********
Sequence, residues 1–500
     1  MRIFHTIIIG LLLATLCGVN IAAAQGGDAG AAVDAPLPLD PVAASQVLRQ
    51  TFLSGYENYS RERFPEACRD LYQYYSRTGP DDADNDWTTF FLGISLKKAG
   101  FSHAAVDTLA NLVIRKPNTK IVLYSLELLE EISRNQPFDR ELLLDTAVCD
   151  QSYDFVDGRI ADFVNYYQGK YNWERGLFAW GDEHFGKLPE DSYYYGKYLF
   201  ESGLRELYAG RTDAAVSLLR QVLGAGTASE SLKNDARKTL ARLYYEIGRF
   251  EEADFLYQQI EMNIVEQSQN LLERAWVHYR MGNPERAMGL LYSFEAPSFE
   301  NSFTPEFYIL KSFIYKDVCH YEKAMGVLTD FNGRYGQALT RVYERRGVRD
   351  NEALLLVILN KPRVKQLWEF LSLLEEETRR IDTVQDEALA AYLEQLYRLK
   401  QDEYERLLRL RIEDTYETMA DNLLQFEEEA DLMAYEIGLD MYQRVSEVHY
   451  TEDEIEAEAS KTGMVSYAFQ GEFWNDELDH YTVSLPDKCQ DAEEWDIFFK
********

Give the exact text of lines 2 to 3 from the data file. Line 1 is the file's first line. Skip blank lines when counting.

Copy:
     1  MRIFHTIIIG LLLATLCGVN IAAAQGGDAG AAVDAPLPLD PVAASQVLRQ
    51  TFLSGYENYS RERFPEACRD LYQYYSRTGP DDADNDWTTF FLGISLKKAG